He sets out conversationally and casually a Buddhism-lite approach that anybody can agree with. That is, he argues from a genially non-theistic, contemplative but engaged direction the need to look within ourselves before we rush out to wear ourselves out trying to heal every affliction in the world. He advises taking time first to focus on key issues that we can practically change within our own outlook, and these chapters show how this reorientation can bring a calmer, more balanced perspective into our own attitude that then will radiate by our actions to others.
The discussions become more involving as the book progresses, with the later ones being the liveliest. His chapters that place gay rights and same-sex relationships within the continuum of civil rights make his arguments cogently and sensibly. Likewise, he touches upon how sexual love can serve as a spark for a "jet fuel" of a higher octane, more diffused or rarified compassion. This topic gets rushed over in a chapter about the viability of one's passions, but it's a subject that could have merited more attention. He ends with a fine discussion of how we need to ask ourselves the one Big Question, the one that matters most to us, and that the answer, given time and reflection, will come.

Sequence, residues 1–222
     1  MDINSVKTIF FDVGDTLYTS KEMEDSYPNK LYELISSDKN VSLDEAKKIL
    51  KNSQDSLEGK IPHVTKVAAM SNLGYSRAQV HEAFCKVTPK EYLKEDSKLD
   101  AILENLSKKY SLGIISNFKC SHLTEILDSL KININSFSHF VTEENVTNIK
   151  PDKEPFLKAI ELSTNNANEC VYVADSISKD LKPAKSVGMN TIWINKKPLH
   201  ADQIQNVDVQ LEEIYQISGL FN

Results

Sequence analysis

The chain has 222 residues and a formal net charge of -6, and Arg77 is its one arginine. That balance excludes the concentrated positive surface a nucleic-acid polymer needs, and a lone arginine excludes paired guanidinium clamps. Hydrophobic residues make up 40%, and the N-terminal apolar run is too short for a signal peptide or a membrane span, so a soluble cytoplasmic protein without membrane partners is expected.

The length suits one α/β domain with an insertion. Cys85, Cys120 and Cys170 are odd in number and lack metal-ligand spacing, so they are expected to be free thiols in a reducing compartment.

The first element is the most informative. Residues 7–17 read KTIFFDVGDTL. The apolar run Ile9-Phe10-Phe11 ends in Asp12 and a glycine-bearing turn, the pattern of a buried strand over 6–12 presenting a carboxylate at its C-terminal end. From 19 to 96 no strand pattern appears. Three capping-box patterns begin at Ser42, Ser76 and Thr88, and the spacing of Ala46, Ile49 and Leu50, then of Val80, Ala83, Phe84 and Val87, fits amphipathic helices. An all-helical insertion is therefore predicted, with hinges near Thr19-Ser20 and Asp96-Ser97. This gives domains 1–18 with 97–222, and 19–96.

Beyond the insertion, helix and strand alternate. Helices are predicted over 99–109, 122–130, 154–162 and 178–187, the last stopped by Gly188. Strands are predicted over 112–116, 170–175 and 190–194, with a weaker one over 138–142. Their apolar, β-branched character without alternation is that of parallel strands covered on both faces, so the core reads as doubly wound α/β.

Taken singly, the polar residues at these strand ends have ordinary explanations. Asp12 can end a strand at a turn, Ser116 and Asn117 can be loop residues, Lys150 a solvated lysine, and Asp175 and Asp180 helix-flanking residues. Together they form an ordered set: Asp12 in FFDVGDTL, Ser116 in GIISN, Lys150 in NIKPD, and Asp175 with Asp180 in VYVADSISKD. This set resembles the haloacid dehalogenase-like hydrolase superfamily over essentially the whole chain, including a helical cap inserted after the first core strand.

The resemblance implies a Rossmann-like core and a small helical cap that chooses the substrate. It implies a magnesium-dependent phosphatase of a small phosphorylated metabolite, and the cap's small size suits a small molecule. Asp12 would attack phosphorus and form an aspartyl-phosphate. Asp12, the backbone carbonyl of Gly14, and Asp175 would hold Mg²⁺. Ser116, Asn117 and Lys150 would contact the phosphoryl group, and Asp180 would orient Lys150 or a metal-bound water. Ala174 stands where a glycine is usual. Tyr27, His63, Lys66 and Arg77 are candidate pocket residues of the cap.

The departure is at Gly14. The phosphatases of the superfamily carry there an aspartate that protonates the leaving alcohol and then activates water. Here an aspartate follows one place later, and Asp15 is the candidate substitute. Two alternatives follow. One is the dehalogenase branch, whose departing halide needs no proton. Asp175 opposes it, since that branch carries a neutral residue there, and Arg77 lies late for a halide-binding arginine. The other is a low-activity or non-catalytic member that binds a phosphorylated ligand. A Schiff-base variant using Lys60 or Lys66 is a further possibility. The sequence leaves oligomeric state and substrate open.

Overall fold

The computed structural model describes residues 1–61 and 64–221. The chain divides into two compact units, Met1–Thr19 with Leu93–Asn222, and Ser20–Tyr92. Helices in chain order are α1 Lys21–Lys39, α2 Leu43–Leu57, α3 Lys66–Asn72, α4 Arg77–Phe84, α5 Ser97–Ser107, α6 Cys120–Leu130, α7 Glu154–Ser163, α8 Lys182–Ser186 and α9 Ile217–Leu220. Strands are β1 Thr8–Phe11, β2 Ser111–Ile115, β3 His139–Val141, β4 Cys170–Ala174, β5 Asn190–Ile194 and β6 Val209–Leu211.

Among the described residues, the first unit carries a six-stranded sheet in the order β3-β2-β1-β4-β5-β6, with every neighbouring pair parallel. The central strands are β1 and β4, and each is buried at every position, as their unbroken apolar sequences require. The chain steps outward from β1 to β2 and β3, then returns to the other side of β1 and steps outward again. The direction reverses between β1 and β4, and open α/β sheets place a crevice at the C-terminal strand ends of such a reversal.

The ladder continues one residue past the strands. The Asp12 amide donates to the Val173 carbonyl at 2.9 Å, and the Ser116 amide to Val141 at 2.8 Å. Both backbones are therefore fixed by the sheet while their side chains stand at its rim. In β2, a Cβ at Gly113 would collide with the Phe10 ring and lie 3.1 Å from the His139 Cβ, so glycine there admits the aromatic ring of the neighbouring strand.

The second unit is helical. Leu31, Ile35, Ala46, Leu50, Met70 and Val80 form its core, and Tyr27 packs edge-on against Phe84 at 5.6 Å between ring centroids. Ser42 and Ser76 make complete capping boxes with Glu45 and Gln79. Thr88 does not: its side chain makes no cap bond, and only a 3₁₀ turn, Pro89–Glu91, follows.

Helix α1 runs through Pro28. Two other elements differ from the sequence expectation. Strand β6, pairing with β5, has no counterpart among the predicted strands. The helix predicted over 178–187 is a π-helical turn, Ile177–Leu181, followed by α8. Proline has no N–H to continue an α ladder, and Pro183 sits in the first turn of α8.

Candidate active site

The editing needed revision. It flows pretty smoothly, but feels as often with authors who write a lot of similar books on their specialty as if typed out more from a rapid burst of productivity than a careful composition. For example, he misspells "Eli Weisel" and maddeningly his colleague "Thich Nhat Han" the whole way through; he also forgets that Hollywood and not Sunset's the boulevard where one walks over the stars in the sidewalks.
Not my usual reading, but I liked his essays in "Buddhism in America" (see my review). I figured a Jewish-born, Long Island sports-crazy teen turned Tibetan Dzogchen guru might be worth hearing out. This book was checked out from my library, after I'd noticed it on the new shelf, for years, so some of my neighbors must have been listening to the former Jeffrey Miller. This is one of many titles that he's written, and he writes in a manner where you can "hear" his voice on the page easily.
Therefore, for readers who might be put off by more Buddhist books, this serves as a stimulus to get one pondering. He avoids jargon and prefers a manner akin to a counselor rather than a lama. You get enough Buddhism to understand where he's come from and where he's going, but the application of his advice can fit any seeker's path.